Blood clot concerns lead to vaccine rollout uncertainty

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Morrison said the later stages of the rollout will have to be urgently re-examined, but it was “far too early” to say what impact it would have on the rollout’s timetable, writes political columnist MICHELLE GRATTAN.

THE vaccine rollout was thrown into fresh uncertainty on last night (April 8) after the government received medical advice against using the AstraZeneca vaccine for people under 50 because of the very small risk of blood clots.

Michelle Grattan

Most immediately, this means those younger health and aged care workers who have not yet been vaccinated will be offered the Pfizer shot. This may involve delays.

These people are in the cohort currently being vaccinated, together with over 70s who are unaffected by the new advice, which went to the government on Thursday evening.

Scott Morrison said the later stages of the rollout will now urgently be re-examined and re-calibrated. He said it was “far too early” to say what impact it would have on the rollout’s timetable.

The government’s deadline for all eligible people who want a vaccine to receive at least one shot by the end of October is set to blow out.

Vaccine purchases will also be reviewed.

Morrison unveiled the advice from the Australian Technical Advisory Group on Immunisation at a hastily summoned press conference on Thursday night, also attended by health minister Greg Hunt, chief medical officer Paul Kelly, and health department secretary Brendan Murphy.

Morrison said he had received the advice “in the last 15 minutes”.

The government had urgently sought the advice following evidence overseas of a link between the AstraZeneca vaccine and blood clots, with some deaths resulting.

There has been one clot case in Australia, a man in his 40s.

Explaining that the Pfizer vaccine should be preferred over AstraZenica for those under 50s, ATAGI said, “This recommendation is based on the increasing risk of severe outcomes from COVID-19 in older adults (and hence a higher benefit from vaccination) and a potentially increased risk of thrombosis with thrombocytopenia following AstraZeneca vaccine in those under 50 years”.

But it said AstraZeneca can be used in adults under 50 “where the benefits clearly outweigh the risk for that individual and the person has made an informed decision based on an understanding of the risks and benefits.”

Under 50s who’ve already had one AstraZeneca dose without serious adverse effects can be given a second dose, the advice said.

ATAGI described the possible blood clot side effect as “rare but serious”.

Advice is being provided to GPs involved in the rollout.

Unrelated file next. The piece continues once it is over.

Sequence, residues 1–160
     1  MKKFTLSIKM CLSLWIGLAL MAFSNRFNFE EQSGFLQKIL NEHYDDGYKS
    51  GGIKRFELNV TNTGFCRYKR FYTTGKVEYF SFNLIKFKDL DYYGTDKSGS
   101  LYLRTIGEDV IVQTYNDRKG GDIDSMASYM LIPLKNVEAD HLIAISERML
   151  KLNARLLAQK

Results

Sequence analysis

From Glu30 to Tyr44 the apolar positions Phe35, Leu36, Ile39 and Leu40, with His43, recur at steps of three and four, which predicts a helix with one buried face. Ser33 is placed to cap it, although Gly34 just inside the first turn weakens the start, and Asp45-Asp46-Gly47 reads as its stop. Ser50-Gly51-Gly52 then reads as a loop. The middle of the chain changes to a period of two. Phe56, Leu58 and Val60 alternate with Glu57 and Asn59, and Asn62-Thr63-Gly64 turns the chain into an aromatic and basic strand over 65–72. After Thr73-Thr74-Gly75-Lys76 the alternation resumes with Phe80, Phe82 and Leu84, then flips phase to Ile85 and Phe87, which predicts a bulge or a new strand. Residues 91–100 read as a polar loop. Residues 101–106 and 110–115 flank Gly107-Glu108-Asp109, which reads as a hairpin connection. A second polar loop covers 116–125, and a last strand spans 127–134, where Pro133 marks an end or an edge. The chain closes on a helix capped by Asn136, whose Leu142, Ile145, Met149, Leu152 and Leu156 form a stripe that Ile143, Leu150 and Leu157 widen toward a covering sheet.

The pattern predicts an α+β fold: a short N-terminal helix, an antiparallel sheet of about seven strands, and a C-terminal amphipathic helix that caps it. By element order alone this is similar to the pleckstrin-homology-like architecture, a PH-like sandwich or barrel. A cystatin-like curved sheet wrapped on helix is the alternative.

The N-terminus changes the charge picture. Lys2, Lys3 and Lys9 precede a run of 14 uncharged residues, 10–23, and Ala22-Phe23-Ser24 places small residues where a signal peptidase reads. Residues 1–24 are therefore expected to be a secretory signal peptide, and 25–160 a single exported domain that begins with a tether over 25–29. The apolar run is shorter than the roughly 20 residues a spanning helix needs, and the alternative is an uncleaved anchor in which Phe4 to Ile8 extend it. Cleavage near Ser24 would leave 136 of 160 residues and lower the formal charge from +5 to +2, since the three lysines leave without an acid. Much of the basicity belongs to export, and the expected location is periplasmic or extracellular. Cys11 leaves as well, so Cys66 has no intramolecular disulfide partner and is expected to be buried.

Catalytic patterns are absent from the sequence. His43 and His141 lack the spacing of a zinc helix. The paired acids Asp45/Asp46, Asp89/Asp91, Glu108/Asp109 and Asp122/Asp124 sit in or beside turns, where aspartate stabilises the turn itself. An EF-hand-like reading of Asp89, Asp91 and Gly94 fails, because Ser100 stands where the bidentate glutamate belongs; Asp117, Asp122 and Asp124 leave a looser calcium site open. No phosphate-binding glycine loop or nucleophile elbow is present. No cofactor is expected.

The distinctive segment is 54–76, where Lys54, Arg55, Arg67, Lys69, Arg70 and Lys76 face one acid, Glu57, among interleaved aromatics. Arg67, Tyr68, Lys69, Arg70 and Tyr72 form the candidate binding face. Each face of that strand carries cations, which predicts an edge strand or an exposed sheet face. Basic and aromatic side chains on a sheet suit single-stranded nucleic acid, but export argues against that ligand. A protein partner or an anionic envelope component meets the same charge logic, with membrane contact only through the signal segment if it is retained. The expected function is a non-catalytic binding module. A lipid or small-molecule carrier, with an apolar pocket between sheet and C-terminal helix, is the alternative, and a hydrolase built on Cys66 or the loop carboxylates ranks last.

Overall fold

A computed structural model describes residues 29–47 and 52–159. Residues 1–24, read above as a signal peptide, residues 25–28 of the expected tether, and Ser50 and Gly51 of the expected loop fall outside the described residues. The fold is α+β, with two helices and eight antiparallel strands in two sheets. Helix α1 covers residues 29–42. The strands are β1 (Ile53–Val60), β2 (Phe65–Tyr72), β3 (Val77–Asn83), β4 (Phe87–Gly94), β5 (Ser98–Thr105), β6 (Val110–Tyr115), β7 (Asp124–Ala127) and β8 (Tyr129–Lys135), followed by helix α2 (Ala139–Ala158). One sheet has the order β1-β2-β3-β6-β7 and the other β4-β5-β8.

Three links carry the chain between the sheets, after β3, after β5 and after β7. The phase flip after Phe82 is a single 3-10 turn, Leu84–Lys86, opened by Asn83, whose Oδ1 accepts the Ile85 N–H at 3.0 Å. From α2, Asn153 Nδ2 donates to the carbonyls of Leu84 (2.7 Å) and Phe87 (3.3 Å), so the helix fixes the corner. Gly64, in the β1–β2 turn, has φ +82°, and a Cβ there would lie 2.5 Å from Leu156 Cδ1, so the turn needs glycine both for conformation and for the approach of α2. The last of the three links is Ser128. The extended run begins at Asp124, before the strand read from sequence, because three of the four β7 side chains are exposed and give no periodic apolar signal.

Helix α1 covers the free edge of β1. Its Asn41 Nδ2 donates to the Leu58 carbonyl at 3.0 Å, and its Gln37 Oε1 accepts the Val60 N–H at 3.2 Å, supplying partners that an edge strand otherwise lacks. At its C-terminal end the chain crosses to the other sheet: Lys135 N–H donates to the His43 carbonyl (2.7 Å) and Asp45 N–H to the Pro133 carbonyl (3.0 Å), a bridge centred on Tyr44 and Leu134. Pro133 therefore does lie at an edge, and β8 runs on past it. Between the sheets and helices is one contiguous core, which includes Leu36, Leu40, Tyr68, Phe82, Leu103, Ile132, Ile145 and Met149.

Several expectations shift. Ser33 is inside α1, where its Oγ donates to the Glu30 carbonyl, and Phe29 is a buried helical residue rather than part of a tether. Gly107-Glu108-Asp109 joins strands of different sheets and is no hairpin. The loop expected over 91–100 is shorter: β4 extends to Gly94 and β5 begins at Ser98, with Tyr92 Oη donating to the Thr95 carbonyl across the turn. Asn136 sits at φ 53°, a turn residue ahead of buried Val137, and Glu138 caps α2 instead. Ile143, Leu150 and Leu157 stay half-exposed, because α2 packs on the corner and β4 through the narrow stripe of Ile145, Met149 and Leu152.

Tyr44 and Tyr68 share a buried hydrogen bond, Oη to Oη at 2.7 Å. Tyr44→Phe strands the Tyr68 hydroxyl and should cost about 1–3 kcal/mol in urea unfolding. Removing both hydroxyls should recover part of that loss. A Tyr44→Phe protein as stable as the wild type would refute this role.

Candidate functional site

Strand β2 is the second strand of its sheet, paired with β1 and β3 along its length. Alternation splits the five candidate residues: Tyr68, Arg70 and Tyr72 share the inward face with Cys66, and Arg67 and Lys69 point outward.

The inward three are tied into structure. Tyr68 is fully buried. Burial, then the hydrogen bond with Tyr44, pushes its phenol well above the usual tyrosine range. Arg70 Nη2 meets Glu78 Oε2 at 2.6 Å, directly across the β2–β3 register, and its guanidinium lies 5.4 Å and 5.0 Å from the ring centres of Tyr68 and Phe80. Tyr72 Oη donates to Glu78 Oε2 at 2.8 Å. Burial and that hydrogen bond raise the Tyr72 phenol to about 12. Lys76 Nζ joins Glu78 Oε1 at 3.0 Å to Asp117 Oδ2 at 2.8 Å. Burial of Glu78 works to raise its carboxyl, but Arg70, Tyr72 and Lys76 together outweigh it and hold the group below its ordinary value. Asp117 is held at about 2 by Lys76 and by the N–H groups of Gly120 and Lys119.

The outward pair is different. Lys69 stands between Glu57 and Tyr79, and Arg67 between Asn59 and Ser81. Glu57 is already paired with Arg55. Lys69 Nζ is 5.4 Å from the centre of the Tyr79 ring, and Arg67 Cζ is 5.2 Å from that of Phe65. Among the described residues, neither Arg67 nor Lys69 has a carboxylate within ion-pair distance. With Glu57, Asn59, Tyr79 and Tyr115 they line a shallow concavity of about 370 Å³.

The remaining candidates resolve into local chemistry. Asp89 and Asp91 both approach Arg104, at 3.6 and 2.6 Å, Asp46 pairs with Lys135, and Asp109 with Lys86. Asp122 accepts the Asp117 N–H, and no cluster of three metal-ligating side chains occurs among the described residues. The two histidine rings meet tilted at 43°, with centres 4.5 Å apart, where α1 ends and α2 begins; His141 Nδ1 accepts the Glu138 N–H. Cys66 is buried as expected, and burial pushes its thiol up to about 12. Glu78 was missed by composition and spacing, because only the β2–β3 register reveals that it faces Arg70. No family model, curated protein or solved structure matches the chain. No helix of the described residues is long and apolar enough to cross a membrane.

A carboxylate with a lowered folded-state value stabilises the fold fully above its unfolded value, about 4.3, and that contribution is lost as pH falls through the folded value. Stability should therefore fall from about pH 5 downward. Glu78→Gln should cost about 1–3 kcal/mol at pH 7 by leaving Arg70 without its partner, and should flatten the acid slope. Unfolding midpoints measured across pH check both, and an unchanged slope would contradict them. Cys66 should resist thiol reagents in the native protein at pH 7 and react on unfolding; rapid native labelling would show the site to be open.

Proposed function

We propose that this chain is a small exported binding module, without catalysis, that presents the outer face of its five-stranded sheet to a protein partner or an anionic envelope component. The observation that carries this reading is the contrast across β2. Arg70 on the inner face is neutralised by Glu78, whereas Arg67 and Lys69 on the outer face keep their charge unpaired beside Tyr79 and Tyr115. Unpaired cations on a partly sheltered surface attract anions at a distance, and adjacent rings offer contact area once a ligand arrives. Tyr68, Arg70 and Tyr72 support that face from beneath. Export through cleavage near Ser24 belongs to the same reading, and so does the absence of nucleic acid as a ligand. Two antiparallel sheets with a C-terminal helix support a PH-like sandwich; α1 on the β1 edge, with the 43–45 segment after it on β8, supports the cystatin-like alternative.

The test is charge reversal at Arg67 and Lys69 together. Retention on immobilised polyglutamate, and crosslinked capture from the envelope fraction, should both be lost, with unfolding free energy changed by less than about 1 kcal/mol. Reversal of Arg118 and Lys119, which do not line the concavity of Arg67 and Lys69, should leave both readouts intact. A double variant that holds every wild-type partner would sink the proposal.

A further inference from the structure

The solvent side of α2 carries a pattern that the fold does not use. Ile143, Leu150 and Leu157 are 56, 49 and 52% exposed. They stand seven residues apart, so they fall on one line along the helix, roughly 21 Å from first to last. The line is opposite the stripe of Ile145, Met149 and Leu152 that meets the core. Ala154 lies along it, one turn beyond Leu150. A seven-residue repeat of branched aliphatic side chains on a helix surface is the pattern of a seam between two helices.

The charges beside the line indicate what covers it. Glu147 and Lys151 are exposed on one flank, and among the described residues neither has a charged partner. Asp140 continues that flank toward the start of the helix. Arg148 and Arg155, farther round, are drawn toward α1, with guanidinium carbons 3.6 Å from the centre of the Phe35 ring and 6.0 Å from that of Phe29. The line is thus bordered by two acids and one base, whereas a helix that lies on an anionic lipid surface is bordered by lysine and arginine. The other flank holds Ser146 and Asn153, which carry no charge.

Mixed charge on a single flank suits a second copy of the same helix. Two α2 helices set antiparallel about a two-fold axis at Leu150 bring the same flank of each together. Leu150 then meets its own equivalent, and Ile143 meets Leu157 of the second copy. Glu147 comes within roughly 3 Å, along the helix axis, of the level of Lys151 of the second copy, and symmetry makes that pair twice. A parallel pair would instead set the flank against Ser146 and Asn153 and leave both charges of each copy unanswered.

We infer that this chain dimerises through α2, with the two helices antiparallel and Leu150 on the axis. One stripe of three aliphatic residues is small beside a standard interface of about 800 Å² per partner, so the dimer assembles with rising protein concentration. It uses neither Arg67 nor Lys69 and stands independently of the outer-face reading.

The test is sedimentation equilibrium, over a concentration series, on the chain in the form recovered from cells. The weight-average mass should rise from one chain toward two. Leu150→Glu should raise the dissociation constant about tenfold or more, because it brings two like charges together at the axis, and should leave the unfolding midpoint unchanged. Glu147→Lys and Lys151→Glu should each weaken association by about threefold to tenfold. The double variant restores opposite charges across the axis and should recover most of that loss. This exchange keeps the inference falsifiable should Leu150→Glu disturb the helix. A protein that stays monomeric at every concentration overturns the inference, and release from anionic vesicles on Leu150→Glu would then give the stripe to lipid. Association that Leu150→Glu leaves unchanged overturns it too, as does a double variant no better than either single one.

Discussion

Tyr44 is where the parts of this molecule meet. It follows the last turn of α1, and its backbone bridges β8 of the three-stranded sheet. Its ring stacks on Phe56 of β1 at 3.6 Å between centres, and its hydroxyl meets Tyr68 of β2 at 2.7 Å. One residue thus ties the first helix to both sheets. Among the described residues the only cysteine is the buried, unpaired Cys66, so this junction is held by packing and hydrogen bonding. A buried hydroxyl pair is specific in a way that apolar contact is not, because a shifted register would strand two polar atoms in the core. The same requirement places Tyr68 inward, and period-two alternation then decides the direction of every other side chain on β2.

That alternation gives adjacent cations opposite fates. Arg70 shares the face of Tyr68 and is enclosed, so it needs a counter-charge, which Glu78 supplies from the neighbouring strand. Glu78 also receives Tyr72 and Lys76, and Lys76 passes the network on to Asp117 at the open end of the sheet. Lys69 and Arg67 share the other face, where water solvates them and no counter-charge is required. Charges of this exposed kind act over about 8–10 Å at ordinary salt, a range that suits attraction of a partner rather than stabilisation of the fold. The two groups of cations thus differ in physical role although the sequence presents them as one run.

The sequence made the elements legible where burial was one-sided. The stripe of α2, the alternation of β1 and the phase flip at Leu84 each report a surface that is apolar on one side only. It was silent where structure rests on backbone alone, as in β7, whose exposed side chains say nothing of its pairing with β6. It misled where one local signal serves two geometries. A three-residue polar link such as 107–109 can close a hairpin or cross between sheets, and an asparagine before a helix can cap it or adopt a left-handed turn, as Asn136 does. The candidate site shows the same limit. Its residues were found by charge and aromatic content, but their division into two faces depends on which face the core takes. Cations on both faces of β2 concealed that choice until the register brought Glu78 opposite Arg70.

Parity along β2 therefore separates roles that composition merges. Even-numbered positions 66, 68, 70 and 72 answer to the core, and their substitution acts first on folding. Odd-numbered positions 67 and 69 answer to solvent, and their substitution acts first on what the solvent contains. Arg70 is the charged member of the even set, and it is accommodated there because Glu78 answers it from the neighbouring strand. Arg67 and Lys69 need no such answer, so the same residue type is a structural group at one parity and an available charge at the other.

This is the latest difficulty to hit the rollout. The government this week stressed the main problem was shortage of supply, with AstraZeneca doses from Europe being held back and CLS, which is manufacturing the vaccine locally, not gearing up to the one million weekly target as fast as expected.

As of Thursday, one million doses of one or other of the two vaccines had been administered in Australia. At present Australia only has the two vaccines available.

Morrison stressed that decisions were up to individuals and their doctors – this was advice only.

“There is not a prohibition on the use of the AstraZeneca vaccine for persons under 50. There is an expression of a preference.”

Kelly said a clot was very rare. “At the moment, it seems to be around four to six per million doses of vaccine. It’s only been found in the first dose of the AstraZeneca vaccine, usually within four to 10 days after that vaccine. But it is serious, and it can cause up to a 25 per cent death rate when it occurs.”

In a late night statement AstraZeneca said it respected the government’s decision based on advice to recommend AstraZeneca’s vaccine be used in those over 50.

It noted that, “Overall, regulatory agencies have reaffirmed the vaccine offers a high-level of protection against all severities of COVID-19 and that these benefits continue to far outweigh the risks”.

Michelle Grattan is a professorial fellow at the University of Canberra. This article was originally published on The Conversation.

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Michelle Grattan
Professorial Fellow, University of Canberra, Michelle Grattan is one of Australia's most respected and awarded political journalists.

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